A bay off the coast of Alaska.
(CVE–79: dp. 10,400; l. 512’3”; b. 65’2”; ew. 108’1”; dr. 22’6”; s. 19.3 k.; cpl. 860; a. 1 5”, 16 40mm., 20 20mm.; cl. Casablanca; T. S4–S2–BB3)
Ommaney Bay (CVE–79), formerly MC hull 1116, was laid down under a Maritime Commission contract 6 October 1943 by Kaiser Company, Inc., Vancouver, Washington; launched 29 December 1943; sponsored by Mrs. P. K. Robottom; acquired by the Navy 11 February 1944; and commissioned the same day, Captain Howard L. Young in command.
After commissioning and fitting out at Astoria, Oregon, and conducting shakedown in Puget Sound, Ommaney Bay sailed 19 March from Oakland, California, with passengers and a cargo of supplies and aircraft for Brisbane, Australia. By 27 April she had completed her mission and was back in San Diego, where she began a rigorous ten days of carrier qualification landings, drills and tests. Then, after minor alterations and repairs, the ship sailed 10 June for Pearl Harbor. Until 12 August she trained air groups and squadrons there in the art of operating from baby flattops, then she sailed to Tulagi to rehearse for the invasion of the Palau Islands. From 11 September until the beginning of October Ommaney Bay stood off Peleliu and Anguar Islands and provided air cover for the fleet and close support strikes for the forces ashore.
Ommaney Bay sailed to Manus to renew her depleted stock of fuel and ammunition, then joined Rear Admiral Stump’s “Taffy 2” for the invasion of Leyte. At the beginning of the Battle off Samar on 25 October, the escort carriers began launching air strikes in an effort to cripple as many of the approaching enemy force as possible. In the ensuing battle, Ommaney Bay’s planes contributed the sinking of one Japanese cruiser and helped to damage a number of other warships. Ommaney Bay launched some 6 strikes that day, and helped to turn threatened defeat into victory.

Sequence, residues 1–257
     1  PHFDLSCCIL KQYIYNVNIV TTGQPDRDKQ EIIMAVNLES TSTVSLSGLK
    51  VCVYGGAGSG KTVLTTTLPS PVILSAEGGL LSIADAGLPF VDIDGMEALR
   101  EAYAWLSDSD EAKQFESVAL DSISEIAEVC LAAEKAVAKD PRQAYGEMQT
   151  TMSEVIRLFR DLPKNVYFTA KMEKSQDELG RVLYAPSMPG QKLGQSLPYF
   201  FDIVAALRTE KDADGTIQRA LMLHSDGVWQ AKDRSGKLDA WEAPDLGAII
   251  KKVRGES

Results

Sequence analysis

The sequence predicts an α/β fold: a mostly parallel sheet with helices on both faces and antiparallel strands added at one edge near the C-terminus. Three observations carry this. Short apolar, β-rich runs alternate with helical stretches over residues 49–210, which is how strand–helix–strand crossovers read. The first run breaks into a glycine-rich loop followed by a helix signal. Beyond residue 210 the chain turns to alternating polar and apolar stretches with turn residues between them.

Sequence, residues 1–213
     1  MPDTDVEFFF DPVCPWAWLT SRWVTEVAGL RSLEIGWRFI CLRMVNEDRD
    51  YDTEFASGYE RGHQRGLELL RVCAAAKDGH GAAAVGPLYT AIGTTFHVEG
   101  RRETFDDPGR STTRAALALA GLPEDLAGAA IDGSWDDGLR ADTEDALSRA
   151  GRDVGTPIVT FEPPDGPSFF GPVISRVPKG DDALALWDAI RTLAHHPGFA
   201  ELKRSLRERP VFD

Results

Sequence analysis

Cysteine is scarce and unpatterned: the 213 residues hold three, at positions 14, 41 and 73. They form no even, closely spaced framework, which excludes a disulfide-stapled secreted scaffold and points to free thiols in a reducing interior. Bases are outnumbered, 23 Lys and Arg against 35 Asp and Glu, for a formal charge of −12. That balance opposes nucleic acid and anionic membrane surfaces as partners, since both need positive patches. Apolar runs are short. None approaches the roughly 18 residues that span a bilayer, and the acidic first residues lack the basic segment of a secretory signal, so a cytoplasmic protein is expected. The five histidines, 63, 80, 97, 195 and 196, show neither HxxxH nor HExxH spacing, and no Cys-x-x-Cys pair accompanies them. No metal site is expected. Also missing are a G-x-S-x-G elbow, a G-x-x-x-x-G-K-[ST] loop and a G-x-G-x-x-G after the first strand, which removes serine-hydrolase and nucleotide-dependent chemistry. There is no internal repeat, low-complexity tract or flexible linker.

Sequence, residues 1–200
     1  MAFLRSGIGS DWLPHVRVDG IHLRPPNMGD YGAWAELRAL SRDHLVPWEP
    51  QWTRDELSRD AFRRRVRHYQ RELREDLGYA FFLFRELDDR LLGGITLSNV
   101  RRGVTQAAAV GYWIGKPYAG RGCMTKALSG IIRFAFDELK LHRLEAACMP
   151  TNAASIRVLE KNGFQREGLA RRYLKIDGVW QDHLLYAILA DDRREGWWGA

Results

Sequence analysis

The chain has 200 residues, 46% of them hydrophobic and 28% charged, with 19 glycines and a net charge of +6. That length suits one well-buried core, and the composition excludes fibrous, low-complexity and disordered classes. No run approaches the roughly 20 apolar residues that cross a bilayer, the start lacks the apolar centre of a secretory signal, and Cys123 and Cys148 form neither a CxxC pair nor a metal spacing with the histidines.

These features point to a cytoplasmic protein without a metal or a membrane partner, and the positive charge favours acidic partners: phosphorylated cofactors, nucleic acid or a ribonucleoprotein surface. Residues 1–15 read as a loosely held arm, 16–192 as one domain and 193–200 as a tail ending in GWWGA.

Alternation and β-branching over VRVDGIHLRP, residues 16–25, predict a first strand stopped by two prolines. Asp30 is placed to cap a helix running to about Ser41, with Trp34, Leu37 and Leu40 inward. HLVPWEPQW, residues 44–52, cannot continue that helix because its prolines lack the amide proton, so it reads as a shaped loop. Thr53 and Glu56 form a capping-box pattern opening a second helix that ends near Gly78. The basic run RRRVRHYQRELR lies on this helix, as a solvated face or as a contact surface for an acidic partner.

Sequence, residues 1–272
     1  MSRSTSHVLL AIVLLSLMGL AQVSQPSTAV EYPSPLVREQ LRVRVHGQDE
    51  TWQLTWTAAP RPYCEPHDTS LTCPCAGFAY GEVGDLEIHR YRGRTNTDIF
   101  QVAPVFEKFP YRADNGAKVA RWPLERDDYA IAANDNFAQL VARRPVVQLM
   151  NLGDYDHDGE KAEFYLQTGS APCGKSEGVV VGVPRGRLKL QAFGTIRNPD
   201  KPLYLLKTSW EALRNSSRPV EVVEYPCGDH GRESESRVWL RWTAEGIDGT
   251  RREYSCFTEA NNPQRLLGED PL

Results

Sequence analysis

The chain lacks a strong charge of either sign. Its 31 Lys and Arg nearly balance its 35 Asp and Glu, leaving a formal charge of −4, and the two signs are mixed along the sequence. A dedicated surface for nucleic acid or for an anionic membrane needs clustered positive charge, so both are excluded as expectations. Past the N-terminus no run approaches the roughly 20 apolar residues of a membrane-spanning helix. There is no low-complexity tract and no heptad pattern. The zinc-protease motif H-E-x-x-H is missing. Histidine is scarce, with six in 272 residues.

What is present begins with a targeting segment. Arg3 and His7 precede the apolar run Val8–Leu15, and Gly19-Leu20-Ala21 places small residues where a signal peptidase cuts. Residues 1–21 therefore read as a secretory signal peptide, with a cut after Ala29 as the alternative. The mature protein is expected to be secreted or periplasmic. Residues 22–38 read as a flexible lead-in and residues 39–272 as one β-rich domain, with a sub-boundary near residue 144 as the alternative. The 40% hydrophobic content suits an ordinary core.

The carrier spent the month of November at Manus and Kossol Passage for availability and replenishment, then, from 12 to 17 December, operated in the Mindanao and Sulu Seas in support of operations on the Island of Mindoro. On the 15th, a day of heavy enemy air attacks, she splashed an enemy bomber as it dived for the ship from the port bow. On 19 December she returned to Kossol Passage to prepare for the landings in Lingayen Gulf.
Ommaney Bay left on New Year’s Day 1945 and transitted Surigao Strait 2 days later. The next afternoon, while in the Sulu Sea, a twin-engine Japanese suicide plane penetrated the screen undetected and made for Ommaney Bay. The plane nicked her island then crashed her starboard side. Two bombs were released; one of them penetrated the flight deck and detonated below, setting off a series of explosions among the fully-gassed planes on the forward third of the hanger deck. The second bomb passed through the hanger deck, ruptured the fire main on the second deck, and exploded near the starboard side.
Water pressure forward was lost immediately, along with power and bridge communications. Men struggling with the terrific blazes on the hangar deck soon had to abandon it because of the heavy black smoke from the burning planes and ricocheting .50 caliber ammunition. Escorts could not lend their power to the fight because of the exploding ammunition and intense heat from the fires. By 1750 the entire topside area had become untenable, and the stored torpedo warheads threatened to go off at any time. The order to abandon ship was given.
At 1945 the veteran was sunk by a torpedo from the destroyer Burns (DD–588). A total of 95 Navymen were lost, including 2 killed on an assisting destroyer when torpedo warheads on the carrier’s hangar deck finally went off.
Ommaney Bay received 2 battle stars for World War II service.